Notice: On March 31, it was announced that Statalist is moving from an email list to a forum. The old list will shut down on April 23, and its replacement, statalist.org is already up and running.

# Re: st: Power Analysis in 2-Level Hierarchical Linear Model

 From Jeph Herrin To statalist@hsphsun2.harvard.edu Subject Re: st: Power Analysis in 2-Level Hierarchical Linear Model Date Tue, 16 Apr 2013 09:09:32 -0400

```I am often called upon to do power calculations for 2 and 3 level HLMs. There are two approaches I usually use:

```
1. If trying to detect a main effect (ie, make a comparison between two groups), I use the methods of [Donner A, Klar D, The Design and Analysis of Cluster Randomized Trials. 2000. Arnold] and others to calculate sample size based on a t-test or chi-square test, adjusted for clustering via a variance inflation factor (VIF). In essense, one makes the usual power calculation but inflates the variance by a factor of VIF=(1+rho*(m-1)) where m is the average number of observations per group and rho is the (usually estimated) intra-cluster correlation. Then I will assume (or at least claim...) that actual power will likely be greater using a model.
```
```
2. For more complicated models, or situations where I know enough to do so, I use simulation. See http://www.stata-journal.com/sjpdf.html?articlenum=st0010 (or if the link doesn't work, The Stata Journal (2002) 2, Number 2, pp. 107–124 : Power by simulation). Basically, simulate a large number of data sets using known effects of interest and some reasonable assumptions about the distributions, estimate the model on each, and count the number of times that P< 0.05, where P is the p-value for the test of interest. The main drawback to doing this is that xtmixed can take a few minutes to converge, and 1000 x a few minutes ~ 2 days.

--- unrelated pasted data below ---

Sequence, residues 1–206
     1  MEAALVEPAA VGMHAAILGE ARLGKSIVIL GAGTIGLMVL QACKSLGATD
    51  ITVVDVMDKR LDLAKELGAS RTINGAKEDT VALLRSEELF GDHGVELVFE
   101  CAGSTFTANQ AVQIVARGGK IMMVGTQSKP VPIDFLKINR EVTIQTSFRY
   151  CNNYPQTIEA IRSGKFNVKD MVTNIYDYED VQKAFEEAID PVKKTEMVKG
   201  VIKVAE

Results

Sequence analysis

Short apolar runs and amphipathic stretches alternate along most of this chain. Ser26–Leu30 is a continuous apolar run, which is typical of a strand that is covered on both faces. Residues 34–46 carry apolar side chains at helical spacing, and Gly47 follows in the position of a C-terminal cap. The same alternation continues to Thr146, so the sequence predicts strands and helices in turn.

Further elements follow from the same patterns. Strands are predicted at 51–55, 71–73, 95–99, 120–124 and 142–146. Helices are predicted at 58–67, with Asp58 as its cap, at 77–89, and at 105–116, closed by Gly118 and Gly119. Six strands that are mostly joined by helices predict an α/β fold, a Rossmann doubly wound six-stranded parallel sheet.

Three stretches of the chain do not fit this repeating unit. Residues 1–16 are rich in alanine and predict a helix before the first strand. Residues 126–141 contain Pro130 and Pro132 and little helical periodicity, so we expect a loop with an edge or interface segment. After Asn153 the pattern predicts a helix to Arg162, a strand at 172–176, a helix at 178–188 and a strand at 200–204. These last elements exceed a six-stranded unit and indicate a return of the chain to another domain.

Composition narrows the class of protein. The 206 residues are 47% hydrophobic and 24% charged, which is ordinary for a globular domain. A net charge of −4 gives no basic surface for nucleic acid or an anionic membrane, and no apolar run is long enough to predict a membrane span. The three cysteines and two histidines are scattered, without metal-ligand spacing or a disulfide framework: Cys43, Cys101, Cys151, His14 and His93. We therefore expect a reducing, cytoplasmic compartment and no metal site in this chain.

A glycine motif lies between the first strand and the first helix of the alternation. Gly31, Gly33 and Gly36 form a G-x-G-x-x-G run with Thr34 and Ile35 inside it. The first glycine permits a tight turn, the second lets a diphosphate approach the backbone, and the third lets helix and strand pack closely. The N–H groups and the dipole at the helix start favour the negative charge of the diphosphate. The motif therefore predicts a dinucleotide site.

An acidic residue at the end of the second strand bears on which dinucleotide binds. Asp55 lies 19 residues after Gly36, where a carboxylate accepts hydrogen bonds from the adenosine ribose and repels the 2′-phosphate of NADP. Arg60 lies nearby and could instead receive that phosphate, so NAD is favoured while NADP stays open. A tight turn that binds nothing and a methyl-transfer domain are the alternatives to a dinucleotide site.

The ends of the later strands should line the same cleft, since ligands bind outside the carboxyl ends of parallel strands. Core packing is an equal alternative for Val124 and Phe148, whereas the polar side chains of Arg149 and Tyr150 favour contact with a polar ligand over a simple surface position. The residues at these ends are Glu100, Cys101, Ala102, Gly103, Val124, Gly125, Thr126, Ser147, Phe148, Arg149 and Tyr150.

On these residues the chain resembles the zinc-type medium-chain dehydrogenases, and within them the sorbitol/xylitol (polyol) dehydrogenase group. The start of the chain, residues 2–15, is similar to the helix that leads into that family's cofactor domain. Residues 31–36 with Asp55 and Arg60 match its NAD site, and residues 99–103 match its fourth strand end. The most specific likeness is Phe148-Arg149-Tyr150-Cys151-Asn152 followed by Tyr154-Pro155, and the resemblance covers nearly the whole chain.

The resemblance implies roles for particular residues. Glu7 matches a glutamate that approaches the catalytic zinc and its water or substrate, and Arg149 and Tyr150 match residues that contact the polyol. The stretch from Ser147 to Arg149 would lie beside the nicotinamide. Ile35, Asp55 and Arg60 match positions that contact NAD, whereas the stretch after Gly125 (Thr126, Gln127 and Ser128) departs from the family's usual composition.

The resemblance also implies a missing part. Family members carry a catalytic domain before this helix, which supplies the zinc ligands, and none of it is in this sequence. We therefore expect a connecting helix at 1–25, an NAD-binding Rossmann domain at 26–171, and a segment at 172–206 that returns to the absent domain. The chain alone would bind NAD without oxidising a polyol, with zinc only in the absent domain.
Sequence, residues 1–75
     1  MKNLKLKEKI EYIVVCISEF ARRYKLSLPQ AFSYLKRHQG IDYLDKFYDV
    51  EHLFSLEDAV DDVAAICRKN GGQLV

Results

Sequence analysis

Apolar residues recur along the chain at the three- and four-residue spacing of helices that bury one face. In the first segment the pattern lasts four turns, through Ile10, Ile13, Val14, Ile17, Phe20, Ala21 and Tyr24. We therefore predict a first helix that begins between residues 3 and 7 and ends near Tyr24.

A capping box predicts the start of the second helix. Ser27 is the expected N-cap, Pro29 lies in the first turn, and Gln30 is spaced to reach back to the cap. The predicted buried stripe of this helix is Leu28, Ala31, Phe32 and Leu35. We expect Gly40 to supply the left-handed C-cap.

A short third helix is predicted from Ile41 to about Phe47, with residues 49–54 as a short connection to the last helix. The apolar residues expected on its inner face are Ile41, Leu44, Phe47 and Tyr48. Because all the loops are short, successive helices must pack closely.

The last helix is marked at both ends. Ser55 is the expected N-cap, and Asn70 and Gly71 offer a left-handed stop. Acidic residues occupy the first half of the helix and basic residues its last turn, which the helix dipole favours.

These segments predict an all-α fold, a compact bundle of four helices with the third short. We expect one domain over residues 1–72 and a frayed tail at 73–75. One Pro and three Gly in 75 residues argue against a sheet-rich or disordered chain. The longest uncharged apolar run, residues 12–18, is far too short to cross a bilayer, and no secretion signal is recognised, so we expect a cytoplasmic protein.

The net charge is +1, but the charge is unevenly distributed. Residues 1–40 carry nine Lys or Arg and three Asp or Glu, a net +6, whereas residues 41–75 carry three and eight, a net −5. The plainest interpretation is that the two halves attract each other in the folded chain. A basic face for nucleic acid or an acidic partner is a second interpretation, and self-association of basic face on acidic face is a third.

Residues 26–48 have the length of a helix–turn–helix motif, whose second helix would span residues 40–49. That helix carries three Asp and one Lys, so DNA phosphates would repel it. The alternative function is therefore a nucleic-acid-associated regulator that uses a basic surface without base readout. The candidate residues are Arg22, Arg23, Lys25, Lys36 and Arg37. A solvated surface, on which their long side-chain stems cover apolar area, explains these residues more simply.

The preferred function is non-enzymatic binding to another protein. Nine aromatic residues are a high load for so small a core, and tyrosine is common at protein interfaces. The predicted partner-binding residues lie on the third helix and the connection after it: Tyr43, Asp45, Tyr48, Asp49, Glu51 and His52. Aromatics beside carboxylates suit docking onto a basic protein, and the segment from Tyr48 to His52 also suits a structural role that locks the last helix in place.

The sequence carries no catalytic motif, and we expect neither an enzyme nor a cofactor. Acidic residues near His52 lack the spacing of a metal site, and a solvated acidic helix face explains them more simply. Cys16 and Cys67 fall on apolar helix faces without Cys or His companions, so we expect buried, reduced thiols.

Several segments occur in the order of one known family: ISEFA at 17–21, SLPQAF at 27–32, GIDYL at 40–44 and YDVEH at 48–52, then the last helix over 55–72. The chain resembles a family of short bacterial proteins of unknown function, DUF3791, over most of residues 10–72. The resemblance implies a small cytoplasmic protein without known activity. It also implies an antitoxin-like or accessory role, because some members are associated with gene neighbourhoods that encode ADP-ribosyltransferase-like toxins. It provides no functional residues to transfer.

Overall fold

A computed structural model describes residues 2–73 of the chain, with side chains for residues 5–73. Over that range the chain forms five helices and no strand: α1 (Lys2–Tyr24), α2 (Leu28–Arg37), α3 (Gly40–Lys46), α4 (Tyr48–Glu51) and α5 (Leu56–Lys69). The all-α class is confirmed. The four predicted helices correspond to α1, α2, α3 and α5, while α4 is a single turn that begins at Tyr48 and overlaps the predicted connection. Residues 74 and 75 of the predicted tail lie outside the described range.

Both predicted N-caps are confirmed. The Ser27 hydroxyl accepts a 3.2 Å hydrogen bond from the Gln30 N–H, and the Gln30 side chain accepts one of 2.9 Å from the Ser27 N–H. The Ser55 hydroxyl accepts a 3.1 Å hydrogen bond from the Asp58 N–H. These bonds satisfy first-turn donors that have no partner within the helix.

```
hope this helps,
Jeph

On 4/16/2013 2:04 AM, Anthony Fulginiti wrote:
```
```Hello Statalist,

I have enjoyed following the creative and informative insights and guidance on Statalist over the past few months.

I am interested in performing a power analysis in a 2-level hierarchical linear model (more specifically, a growth curve model).

Let's use the example of 80 clusters (individuals) with 10 per cluster (observations). If it is helpful, the code for the model is:

xtmixed Self-Esteem time time2 Program ProgramBytime ProgramBytime2|| id: time, covariance(un) variance mle

I ran a basic search in the Statalist archives and searched for power analysis options in Stata but did not find any information on the subject for hierarchical linear models. I have been reviewing material that recommends the use of Optimal Design software or PinT (Power in Two-level Designs) for power analysis in hierarchical linear modeling.  However, I have a Mac and both programs seem to run on Windows (my Windows platform has been giving me problems).

Is it possible to perform a power analysis with a 2-level hierarchical linear model in Stata?

If not, I would welcome any further recommendations for performing the analysis.

Respectfully, Anthony

*
*   For searches and help try:
*   http://www.stata.com/help.cgi?search
*   http://www.stata.com/support/faqs/resources/statalist-faq/
*   http://www.ats.ucla.edu/stat/stata/

```
```*
*   For searches and help try:
*   http://www.stata.com/help.cgi?search
*   http://www.stata.com/support/faqs/resources/statalist-faq/
*   http://www.ats.ucla.edu/stat/stata/
```